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The Devil Inside

The Devil Inside Directed by: William Brent Bell Cast: Fernanda Andrade, Simon Quarterman, Evan Helmuth, Suzan Crowley Running Time: 1 hr 27 mins Rating: R Release Date: January 6, 2012

PLOT: The daughter (Andrade) of a woman (Crowley) who was possessed in 1989 goes to Rome to better understand exorcisms. She befriends two exorcists (Quarterman and Helmuth) who go against church guidelines.

WHO'S IT FOR? If you want a multiplex experience that will legitimately thrill you, go see Mission Impossible: Ghost Protocol. If you're looking for something to satisfy a lust for the disturbing and gruesome, go see Girl with the Dragon Tattoo. You won't get anything from your ticket to The Devil Inside, aside from more re-assurance that found footage movies are cheap ways for films to suck.


Don't even bother with the actual images within The Devil Inside when deducing how terrible the first new movie of 2012 is. If one closed their eyes and covered their ears during the whole movie and opened their senses to experience the film's closing credits, they would comprehend the awfulness just as much as anyone who tried to survive the entire movie itself.

After all, making closing credits is probably the most automatic component of making a movie, especially as the format has become nearly automatic, as celebrated by thousands and thousands of films united by their black and white rolling credits. It's essentially fool-proof, that is at least until the foolish films like The Devil's Inside prove otherwise.

Bungling this easy task like a worthless straight-to-DVD movie that I'd have nightmares about, The Devil Inside finds a way to make even the closing credits reek of amateur hour. The credits crawl at a speed that would embarrass a snail, and the names are all in the incredibly bland font of Times New Roman, written in all lower-case. There isn't even any music to play out audiences as they shake their heads and move their feet quickly out of the theater. Especially following a movie as forced and phony as The Devil Inside, closing credits have never felt more like hell.

Yes, let's talk about the actual movie.

The Devil Inside gives great argument as to why the "fake documentary" style doesn't benefit a story, so much as make it easier for filmmakers to throw together a collection of scenes and pass them lazily off as part of a "true story." The story structure is flimsy, and its inhabitants are basically lifeless. Though the interview style suggests they are "real" and that we are "intimate" with them, no character seems worth our attention or focus. Quickly into the movie, The Devil Inside is an awkward "Little Engine That Couldn't," a sloppy low-budget attempt that can't improve upon its phony sense of reality.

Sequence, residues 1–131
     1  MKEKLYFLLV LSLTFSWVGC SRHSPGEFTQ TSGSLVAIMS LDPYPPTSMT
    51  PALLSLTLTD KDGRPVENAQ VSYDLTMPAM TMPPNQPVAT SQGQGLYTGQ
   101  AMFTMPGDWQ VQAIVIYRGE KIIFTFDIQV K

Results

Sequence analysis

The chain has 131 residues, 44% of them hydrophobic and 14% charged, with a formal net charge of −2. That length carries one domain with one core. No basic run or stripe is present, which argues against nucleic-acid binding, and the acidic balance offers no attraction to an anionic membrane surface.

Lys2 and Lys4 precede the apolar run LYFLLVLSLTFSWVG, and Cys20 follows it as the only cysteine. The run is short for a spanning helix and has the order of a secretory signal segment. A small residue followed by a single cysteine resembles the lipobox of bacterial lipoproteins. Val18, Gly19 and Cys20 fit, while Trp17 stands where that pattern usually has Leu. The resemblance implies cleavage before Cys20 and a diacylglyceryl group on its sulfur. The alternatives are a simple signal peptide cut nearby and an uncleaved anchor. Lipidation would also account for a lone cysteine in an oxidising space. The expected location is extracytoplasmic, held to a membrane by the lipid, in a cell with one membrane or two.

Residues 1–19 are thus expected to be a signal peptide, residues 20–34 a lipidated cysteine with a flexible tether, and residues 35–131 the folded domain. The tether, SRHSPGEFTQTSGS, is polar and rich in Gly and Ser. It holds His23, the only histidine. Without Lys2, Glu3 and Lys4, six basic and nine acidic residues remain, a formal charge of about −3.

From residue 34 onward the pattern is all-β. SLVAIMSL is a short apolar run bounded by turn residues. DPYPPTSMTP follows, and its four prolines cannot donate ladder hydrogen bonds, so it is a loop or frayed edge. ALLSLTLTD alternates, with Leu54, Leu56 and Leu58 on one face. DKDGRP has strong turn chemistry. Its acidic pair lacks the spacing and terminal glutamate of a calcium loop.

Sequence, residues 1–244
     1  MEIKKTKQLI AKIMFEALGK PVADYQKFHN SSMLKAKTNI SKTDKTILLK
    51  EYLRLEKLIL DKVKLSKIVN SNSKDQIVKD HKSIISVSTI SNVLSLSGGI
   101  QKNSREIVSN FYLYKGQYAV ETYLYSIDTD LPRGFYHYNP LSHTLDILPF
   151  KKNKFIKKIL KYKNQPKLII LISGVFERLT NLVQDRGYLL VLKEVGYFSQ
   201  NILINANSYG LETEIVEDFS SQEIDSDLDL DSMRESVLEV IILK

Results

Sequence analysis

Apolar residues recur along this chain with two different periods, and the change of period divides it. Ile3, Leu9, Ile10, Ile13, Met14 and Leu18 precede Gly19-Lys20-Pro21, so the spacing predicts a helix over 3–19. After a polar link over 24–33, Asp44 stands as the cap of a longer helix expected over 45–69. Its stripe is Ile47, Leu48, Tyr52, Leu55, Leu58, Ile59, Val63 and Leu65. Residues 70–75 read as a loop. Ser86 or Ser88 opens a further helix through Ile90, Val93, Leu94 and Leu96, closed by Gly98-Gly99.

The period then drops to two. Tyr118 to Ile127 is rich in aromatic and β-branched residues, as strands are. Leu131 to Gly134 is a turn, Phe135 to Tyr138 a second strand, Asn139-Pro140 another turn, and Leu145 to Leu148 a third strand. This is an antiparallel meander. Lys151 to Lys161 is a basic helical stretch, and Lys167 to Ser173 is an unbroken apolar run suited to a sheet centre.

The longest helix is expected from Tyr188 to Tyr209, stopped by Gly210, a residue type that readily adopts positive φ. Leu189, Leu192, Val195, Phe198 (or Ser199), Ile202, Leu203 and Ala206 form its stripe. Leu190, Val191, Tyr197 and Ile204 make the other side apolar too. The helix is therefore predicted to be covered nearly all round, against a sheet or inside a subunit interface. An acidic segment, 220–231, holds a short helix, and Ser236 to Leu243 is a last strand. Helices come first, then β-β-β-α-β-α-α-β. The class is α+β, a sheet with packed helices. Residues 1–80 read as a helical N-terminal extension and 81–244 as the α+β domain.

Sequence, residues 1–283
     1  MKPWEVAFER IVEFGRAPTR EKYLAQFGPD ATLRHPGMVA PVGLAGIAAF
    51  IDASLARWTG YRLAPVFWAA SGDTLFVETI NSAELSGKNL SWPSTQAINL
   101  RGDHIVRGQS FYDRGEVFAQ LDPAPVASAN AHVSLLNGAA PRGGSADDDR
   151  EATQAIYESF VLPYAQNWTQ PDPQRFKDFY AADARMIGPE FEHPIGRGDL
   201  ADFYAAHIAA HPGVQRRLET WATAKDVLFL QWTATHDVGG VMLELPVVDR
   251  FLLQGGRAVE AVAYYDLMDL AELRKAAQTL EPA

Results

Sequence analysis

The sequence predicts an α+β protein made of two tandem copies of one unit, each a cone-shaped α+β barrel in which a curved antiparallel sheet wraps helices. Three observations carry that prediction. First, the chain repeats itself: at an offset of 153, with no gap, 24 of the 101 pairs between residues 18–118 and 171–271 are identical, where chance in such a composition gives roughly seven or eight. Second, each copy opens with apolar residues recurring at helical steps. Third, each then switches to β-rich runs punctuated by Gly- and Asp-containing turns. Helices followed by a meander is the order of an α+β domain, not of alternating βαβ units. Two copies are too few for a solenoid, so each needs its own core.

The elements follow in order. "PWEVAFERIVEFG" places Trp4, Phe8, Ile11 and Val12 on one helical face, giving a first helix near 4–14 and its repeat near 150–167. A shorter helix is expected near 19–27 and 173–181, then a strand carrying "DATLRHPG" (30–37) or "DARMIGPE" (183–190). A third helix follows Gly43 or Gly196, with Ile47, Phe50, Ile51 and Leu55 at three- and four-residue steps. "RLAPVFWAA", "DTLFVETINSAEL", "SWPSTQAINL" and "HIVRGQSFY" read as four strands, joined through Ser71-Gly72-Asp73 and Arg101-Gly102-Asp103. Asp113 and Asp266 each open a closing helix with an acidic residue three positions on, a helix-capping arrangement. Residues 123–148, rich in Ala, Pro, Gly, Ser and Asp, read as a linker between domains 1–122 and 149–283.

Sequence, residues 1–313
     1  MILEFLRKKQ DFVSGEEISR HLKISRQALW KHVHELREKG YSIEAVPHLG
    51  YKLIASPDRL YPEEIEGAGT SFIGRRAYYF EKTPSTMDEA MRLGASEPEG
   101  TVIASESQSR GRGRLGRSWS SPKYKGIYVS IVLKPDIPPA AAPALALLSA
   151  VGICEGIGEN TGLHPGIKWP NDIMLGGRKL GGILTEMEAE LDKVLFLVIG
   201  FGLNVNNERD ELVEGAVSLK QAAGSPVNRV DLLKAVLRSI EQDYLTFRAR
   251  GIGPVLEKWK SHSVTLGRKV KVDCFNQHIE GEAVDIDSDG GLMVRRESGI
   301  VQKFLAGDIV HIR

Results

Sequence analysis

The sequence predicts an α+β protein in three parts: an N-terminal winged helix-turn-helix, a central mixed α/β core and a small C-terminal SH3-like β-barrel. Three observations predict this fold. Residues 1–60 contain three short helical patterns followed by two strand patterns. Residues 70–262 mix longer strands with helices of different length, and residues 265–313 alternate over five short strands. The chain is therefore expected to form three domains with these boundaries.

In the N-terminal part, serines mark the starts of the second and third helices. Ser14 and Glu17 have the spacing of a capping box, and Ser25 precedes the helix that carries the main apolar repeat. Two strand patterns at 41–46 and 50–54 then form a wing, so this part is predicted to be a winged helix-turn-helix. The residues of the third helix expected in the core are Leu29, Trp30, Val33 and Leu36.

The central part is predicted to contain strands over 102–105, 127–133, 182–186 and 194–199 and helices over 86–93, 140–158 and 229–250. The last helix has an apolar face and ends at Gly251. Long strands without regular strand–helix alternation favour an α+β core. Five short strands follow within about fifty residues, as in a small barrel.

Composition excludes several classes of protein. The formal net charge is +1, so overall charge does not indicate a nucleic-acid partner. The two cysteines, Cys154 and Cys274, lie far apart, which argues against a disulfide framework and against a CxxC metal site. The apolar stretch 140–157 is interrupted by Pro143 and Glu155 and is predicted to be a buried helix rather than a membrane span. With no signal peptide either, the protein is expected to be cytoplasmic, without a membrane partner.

Though inspired by seemingly earnest efforts like Paranormal Activity, The Devil Inside feels like a poser indie actually concocted by "The Man," who only sees low-budget horror as the way to save a lot of bucks while appearing "gritty." The ending of the movie, (no, not the credits), suggests extreme indifference to the entire movie's existence.

Essentially, The Devil Inside stands as a collection of dull exorcism scenes, usually featuring ugly contortions accompanied by mumbled devil speak. Instead of using smoke and mirrors, those that brought The Devil Inside unto this world use dizzying shaky cameras and sudden bursts of darkness to create cheap fear. A very little amount of storytelling glue is used to link such moments, but the entire thing is meant to look like it could pass as a bonafide documentary (You know, if you're an idiot.)

The Devil Inside has only one element of redemption, and that comes from Suzan Crowley's performance as Maria Rossi, the catalyst for all the wacky events of this movie. In one scene, for a few surges of tension, she's legitimately spooky, offering the type of performance you wouldn't want to watch alone with the lights off (granted, it's a scene that spans about a bathroom break). Crowley is the surprisingly talented veteran who somehow found herself with a supporting role in a college production lead otherwise by amateurs with very little sense of craft of their own. An embarrassing production, certainly.


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